What's in the Sky Tonight? March 2020
Clear skies tonight? Browse our list of astronomical events for opportunities!
March is a great month for planetary viewing and imaging. Get ready for Mercury, and Venus to be in position for unique observing all on a new Moon night! Another special planetary event is the conjunction of Mars and Jupiter! If you plan to observe the supermoon, make sure you use moon filters for your sensor's protection and your vision's protection.
Planets and Moon Phases
March 9 - Full Moon, Supermoon
The second of four supermoons in 2020. Known to early Native Americans as the “Full Worm Moon” because the ground would begin to soften and the earthworms would reappear.
March 24 - New Moon
An ideal night for viewing or imaging, you may not have to travel far to get dark skies on this night. Plan on viewing galaxies and star clusters. This new Moon also falls on the same day as two planetary events taking place!
March 20 - Jupiter and Mars Conjunction
Jupiter and Mars will share the same right ascension, with Jupiter passing 0°42' to the north of Mars before sunrise. This astronomical event will be visible with the naked eye!
March 24 - Venus
Venus will be at its highest point above the horizon in the evening sky. Look for the bright planet in the western sky after sunset.
For the more advanced astronomers, we’ve compiled a list of deep space objects to look for! Not advanced but interested in deep space objects? We've compiled a list of the best apps to use for astrophotography to give you some extra help!
If you're posting your images on social media, make sure to use the hashtag #OPTeam for a chance to be featured on our Instagram page!
DEEP SPACE NORTHERN HEMISPHERE
- Messier 44: Beehive Cluster
M44 is also known as Praesepe (the Manger). This open star cluster contains about a thousand stars.
- Messier 67
M67 is an open star cluster that contains more than 100 stars that are similar to our Sun!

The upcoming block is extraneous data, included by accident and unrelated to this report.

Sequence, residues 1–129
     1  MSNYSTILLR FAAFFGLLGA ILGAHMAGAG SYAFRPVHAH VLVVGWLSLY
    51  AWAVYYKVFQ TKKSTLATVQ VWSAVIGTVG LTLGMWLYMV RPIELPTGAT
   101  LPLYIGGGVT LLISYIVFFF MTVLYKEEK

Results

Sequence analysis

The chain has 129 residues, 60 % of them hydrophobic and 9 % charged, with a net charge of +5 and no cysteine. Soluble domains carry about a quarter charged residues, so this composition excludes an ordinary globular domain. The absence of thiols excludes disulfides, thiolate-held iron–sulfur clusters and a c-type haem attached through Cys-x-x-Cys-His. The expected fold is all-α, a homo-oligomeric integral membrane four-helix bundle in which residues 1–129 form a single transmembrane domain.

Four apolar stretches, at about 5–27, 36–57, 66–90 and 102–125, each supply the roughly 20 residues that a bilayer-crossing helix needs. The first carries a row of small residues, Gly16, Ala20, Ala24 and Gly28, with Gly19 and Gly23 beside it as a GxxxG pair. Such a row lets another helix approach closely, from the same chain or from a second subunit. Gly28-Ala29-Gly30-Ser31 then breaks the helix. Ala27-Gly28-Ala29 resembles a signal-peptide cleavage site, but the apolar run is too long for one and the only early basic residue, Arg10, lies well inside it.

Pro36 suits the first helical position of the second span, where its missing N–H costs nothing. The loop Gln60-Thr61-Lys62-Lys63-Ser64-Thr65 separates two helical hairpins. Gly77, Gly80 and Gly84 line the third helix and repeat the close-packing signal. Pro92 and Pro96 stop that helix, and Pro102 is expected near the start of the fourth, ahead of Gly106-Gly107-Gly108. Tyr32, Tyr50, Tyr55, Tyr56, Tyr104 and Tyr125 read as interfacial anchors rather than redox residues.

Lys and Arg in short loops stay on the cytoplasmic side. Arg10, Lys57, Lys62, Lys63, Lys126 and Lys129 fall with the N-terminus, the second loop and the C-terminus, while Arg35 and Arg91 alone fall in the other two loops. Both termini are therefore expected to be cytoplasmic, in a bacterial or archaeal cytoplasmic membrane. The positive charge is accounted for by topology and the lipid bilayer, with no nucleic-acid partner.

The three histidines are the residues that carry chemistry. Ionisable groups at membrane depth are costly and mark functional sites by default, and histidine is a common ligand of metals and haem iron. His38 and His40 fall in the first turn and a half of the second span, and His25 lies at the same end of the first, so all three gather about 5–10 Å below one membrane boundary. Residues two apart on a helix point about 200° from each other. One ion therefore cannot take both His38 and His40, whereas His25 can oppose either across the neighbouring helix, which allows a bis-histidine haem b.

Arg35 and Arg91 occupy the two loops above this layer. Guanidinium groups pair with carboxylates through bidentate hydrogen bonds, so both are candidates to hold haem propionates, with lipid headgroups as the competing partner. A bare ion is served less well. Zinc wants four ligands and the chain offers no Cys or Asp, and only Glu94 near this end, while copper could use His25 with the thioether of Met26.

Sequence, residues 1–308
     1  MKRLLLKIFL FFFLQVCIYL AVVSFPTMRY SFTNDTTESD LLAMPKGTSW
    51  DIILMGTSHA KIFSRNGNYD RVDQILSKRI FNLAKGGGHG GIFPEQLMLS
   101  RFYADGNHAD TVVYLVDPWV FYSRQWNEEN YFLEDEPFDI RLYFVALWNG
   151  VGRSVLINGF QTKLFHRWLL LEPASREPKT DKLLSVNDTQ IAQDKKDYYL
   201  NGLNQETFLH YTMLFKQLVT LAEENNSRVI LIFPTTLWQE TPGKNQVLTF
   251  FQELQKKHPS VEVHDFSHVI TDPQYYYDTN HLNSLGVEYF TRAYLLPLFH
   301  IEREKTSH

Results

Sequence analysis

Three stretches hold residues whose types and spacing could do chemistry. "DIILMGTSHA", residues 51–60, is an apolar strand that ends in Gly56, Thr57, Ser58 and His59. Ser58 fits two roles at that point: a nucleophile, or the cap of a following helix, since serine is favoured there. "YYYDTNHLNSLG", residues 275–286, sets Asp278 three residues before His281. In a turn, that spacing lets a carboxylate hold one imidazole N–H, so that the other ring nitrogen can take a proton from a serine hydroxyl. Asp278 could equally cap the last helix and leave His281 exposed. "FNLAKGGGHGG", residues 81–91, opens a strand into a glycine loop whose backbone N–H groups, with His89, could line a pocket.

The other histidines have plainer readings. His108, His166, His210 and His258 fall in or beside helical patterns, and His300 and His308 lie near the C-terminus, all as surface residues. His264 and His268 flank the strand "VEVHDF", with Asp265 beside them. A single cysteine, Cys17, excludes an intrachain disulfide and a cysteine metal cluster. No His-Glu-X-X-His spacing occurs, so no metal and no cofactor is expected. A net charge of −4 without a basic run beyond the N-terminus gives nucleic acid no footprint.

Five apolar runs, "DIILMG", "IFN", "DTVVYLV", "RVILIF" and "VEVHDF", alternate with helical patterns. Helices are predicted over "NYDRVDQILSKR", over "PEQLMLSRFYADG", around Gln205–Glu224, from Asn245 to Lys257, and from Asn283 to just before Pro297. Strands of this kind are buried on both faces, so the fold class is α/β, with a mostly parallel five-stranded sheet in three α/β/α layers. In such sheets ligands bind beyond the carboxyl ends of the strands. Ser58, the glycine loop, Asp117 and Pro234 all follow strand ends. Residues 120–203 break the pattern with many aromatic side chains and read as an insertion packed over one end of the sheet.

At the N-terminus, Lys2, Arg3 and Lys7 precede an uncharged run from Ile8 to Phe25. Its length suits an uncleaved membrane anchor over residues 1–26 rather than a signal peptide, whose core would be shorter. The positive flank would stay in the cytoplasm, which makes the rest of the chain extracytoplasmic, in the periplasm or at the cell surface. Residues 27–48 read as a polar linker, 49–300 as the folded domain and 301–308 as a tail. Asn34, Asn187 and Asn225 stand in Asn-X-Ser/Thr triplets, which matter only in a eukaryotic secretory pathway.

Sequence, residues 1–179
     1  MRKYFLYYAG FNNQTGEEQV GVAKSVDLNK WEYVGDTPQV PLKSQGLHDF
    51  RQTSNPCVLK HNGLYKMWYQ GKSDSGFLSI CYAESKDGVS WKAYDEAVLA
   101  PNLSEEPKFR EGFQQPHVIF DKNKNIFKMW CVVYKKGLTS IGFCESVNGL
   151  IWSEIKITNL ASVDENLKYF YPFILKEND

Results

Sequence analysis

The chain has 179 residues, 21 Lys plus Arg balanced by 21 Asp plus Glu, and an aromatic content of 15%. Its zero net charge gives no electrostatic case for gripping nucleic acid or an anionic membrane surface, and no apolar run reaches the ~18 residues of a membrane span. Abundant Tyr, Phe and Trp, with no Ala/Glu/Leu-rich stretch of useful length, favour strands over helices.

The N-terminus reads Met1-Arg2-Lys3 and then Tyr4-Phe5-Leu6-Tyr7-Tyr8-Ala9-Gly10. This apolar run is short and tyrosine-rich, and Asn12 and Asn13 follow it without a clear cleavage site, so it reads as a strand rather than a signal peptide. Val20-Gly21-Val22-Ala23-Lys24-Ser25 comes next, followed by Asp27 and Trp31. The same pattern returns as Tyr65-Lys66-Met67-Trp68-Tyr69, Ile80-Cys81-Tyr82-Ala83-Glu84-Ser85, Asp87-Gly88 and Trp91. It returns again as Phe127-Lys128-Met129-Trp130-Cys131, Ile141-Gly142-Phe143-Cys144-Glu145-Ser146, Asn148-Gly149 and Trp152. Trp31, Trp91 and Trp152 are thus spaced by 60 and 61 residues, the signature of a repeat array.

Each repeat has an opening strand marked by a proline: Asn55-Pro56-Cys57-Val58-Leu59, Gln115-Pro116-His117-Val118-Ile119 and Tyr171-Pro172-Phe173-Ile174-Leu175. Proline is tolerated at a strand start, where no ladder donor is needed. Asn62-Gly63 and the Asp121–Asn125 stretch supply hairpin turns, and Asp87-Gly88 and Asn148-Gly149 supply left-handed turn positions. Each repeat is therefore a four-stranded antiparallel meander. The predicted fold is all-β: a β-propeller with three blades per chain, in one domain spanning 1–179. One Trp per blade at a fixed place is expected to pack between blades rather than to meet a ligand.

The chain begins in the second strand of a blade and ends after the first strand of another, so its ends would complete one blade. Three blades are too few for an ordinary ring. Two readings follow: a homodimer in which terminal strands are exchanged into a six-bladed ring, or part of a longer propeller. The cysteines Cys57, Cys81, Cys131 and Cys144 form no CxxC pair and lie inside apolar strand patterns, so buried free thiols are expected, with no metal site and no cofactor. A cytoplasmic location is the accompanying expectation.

- Messier 101: Pinwheel Galaxy
M101 is estimated to contain about 1 trillion stars and is about 70% larger than the Milky Way!
- Messier 82: Cigar Galaxy
M82 is about five times brighter than the Milky Way, 6 to 8-inch telescopes can capture its bright core and dark patches across its structure.
- Messier 97: Owl Nebula
M97 got its name from the two dark patches resembling eyes of an owl. It was created when a Sun-like star collapsed from a red giant to a white dwarf.
- M63: Sunflower Galaxy
M63 is a spiral galaxy located just after the end of the Big Dipper's handle and is about the same size as the Milky Way.
- NGC 4631: Whale Galaxy
NGC 4631 is a barred spiral galaxy is 28 million light-years away from Earth. It has a high surface brightness, making it a great target for small scopes!
- M51: Whirlpool Galaxy
M51 is closest to the end of the Big Dipper's handle, because it appears "face-on" it is another great object for beginners!
DEEP SPACE SOUTHERN HEMISPHERE
The second brightest star in the southern sky. It's currently in its blue loop phase of its evolution although white to the naked eye.
- IC 2602: Theta Carinae Cluster
IC 2602 is an open star cluster that contains about 74 stars. It is the third brightest open star cluster in the southern sky.
- NGC 3532: Wishing Well Cluster
NGC 3532 is also known as the Pincushion Cluster, and the Football Cluster. It includes seven red giants and seven white dwarfs.
- Lindsay-Shapley Ring (AM 0644-741)
AM 0644-741 is an unbarred lenticular galaxy and a ring galaxy. It is observed as a nucleus surrounded by a ring.
- NGC 2442 and NGC 2443: Meathook Galaxy
Two parts of a single intermediate spiral galaxy and about 50 million light-years away.
- NGC 3132: Eight-Burst Nebula
Surrounding a dying star is an expanding cloud of gas giving it its round shape as a planetary nebula.
- Gum Nebula (Gum 12)
The Gum Nebula contains about 32 cometary globules. It is part of 84 emission nebulae in the Gum catalog.
- NGC 2736: Pencil Nebula
NGC 2736 has a linear appearance, giving it its name. It's moving about 400,000 miles per hour!
Clear skies! 🔭✨